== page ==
ACDC served as the obvious rock pilgrims (almost as the necessary antidote to Olivia Newton John and the homegrown Bee Gees), and the 80s rock-pop scene blossomed with countless legends such as INXS (more rock than pop initially), Midnight Oil, Cold Chisel, Men at Work, the Angels, Icehouse, Rose Tattoo, Crowded House, the Hoodoo Gurus, Australian Crawl, the Divinyls etc etc.

Aussie rock was on life support in the late 80s and early 90s, but then we saw the emergence of the new wave - Silverchair, Grinspoon and Powderfinger.

The important thing to note is that during the 90s rock band were still famous overseas, but they weren't charting in the hot 100 whereas Aussie bands were.

Transitioning into the 2000s saw RnB transform the American market, whereas Jet, Spiderbait, Thersty Merc, Eskimo Joe and Wolfmother continued topping Aussie charts. Some of these bands even scored rare hits overseas in America.

But what of the late 2000s period? Those cited bands are either not together or not producing hits anymore - Tame Impala certainly produced some rock tunes earlier on (Half Glass Full of Wine) but these didn't chart, their electro style has gone gangbusters but it's not rock.

So is the Aussie rock band dead in the mainstream sense now? We probably lasted about 15 years or more longer than other Western nations, but have things changed that much that we just won't see it again?

I want to stress again that I'm aware there's some excellent Aussie rock underground and in the love music scene, but none that have translated at the mainstream level.

Personally, there was nothing greater than attending the Big Day Outs with my mates in the early 2000s celebrating great Aussie rock that both teenage boys and girls appreciated, there was a feeling of connection and something uniquely Aussie about the entire experience. It's sad to thing that experience may be as dead as the Big Day Out event itself.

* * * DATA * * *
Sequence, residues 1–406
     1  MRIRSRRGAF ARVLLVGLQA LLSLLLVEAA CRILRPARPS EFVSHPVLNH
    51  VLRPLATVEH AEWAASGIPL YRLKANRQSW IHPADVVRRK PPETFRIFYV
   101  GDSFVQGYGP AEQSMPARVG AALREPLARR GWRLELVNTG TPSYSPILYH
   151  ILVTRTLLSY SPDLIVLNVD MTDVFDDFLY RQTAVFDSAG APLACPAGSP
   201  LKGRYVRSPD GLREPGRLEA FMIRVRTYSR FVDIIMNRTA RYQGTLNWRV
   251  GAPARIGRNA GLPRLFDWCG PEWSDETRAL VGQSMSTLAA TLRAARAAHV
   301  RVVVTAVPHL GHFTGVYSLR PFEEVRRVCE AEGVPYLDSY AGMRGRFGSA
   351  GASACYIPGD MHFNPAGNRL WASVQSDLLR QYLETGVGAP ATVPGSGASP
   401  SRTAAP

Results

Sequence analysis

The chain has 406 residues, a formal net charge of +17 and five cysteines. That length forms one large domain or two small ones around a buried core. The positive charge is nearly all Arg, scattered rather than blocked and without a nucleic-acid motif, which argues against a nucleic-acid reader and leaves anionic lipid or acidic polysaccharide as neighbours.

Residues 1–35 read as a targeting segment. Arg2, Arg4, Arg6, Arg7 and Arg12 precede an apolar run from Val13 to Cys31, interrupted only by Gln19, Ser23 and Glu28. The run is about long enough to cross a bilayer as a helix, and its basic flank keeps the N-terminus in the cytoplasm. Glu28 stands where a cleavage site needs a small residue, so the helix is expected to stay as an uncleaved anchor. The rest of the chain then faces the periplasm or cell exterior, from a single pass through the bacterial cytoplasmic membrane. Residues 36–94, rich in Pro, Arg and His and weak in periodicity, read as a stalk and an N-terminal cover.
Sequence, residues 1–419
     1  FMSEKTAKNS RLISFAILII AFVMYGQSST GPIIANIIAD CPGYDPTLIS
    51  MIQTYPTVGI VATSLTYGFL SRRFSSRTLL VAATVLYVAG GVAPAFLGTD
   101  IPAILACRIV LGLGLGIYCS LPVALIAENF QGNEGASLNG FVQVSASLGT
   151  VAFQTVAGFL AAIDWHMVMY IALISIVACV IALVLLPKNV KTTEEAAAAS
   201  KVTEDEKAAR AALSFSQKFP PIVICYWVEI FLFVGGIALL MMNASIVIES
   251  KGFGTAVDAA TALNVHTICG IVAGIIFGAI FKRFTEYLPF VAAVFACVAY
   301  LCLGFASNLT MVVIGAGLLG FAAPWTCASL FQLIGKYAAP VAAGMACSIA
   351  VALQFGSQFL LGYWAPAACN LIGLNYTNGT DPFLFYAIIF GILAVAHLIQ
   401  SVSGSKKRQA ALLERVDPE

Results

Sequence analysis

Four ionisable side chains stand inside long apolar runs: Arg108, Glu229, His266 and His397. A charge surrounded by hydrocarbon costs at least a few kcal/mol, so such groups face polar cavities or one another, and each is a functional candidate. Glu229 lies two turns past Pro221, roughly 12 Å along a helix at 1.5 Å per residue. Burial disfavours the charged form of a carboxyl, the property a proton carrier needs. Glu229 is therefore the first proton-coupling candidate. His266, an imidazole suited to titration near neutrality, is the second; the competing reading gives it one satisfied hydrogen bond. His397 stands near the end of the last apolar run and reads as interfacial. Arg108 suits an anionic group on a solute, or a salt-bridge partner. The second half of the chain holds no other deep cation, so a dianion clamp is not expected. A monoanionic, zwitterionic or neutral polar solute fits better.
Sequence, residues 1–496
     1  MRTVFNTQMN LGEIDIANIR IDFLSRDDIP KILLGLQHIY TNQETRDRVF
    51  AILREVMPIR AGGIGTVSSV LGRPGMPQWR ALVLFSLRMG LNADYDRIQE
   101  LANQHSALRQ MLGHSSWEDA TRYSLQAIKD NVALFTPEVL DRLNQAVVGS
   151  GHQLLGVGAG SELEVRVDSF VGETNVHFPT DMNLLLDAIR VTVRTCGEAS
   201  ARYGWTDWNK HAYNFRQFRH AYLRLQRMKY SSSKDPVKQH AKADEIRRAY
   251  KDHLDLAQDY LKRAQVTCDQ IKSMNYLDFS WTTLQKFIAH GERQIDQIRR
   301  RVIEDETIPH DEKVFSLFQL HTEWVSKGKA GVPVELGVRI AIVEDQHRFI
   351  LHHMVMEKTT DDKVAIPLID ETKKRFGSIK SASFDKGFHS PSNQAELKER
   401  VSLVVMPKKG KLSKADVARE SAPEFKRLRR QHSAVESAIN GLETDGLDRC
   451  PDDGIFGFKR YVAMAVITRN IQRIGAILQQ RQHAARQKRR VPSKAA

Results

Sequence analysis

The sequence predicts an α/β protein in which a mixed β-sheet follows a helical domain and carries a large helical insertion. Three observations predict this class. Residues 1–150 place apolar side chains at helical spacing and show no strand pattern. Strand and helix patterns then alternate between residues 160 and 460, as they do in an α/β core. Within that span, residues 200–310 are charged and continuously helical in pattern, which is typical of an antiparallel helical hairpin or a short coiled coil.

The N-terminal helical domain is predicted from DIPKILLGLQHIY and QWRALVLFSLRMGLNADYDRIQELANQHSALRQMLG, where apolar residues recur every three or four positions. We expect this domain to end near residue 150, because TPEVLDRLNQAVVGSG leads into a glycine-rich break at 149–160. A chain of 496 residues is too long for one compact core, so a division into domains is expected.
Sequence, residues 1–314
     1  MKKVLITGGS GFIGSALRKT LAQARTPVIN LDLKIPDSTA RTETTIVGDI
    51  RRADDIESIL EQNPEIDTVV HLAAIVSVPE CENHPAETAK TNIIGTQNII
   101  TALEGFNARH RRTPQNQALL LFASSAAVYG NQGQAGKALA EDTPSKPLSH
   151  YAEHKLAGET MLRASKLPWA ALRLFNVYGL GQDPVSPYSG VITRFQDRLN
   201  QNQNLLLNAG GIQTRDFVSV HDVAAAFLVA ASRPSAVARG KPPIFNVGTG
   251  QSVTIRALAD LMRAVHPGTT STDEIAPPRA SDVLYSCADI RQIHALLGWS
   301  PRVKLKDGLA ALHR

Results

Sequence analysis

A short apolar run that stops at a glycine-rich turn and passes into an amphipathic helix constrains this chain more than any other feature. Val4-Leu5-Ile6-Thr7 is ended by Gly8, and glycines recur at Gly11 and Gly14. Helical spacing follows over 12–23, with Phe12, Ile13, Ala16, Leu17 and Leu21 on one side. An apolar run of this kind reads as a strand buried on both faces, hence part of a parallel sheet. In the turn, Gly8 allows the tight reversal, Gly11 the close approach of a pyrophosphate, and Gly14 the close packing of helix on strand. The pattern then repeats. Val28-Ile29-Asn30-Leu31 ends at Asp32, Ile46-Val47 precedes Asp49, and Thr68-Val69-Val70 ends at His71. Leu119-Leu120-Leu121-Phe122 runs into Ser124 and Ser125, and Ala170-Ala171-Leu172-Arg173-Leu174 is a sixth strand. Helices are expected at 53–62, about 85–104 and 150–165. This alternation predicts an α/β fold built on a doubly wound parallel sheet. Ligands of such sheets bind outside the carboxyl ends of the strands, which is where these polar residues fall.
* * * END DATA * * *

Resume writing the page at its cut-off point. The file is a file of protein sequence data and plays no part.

I think it's safe to say it's dead in terms of mainstream appeal. Probably will remain that way forever, with the occasional album breaking through every now and then with some bullshit pretention of being a revival of a scene, or the occasional life event. I.e. Punk was supposed to make a return with Trump's election. It didn't.

Still there are cool underground scenes, such as the psych-rock scene, but to see a rock band make it now would be getting to a comparable level to your Tame Impalas, and King Gizzards. Hardcore following, but you'll never get airtime at a radio station without a J in its name.
 

Mootsy

Norm Smith Medallist
Mar 13, 2015
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I think it's safe to say it's dead in terms of mainstream appeal. Probably will remain that way forever, with the occasional album breaking through every now and then with some bullshit pretention of being a revival of a scene, or the occasional life event. I.e. Punk was supposed to make a return with Trump's election. It didn't.

Still there are cool underground scenes, such as the psych-rock scene, but to see a rock band make it now would be getting to a comparable level to your Tame Impalas, and King Gizzards. Hardcore following, but you'll never get airtime at a radio station without a J in its name.
Problem is that so much music has been made already, there is a book about this very subject, but what the heck happens once so much musical content has already been created and publishers can easily press for copyright disputes??

Other problem is making music costs way more time and money then what is made back these days, you have to play live or find a way to market it pretty well.

If i was going to start a band up, i'd be doing the Daft Punk/Lordi/Happyland idea, and have a great logo and costume or visual aesthetic.
 

Roobs321

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Australia is arguably the world leader in rock bands today.

I agree that their presence on the mainstream singles charts isn't what it once was. You used to see a fair number of rock singles crack the charts, but hits like Lips of an Angel & Sex on Fire are some of the most recent classic rock-ish songs to really make an impact there. Nowadays they have to do an Imagine Dragons/Maroon5/Twenty One Pilots to really have a hope, and that ain't rock.

Of course rock bands still do fairly well on the album charts, although you seldom see a rock album go several times platinum anymore. It isn't a key pillar of the music industry anymore.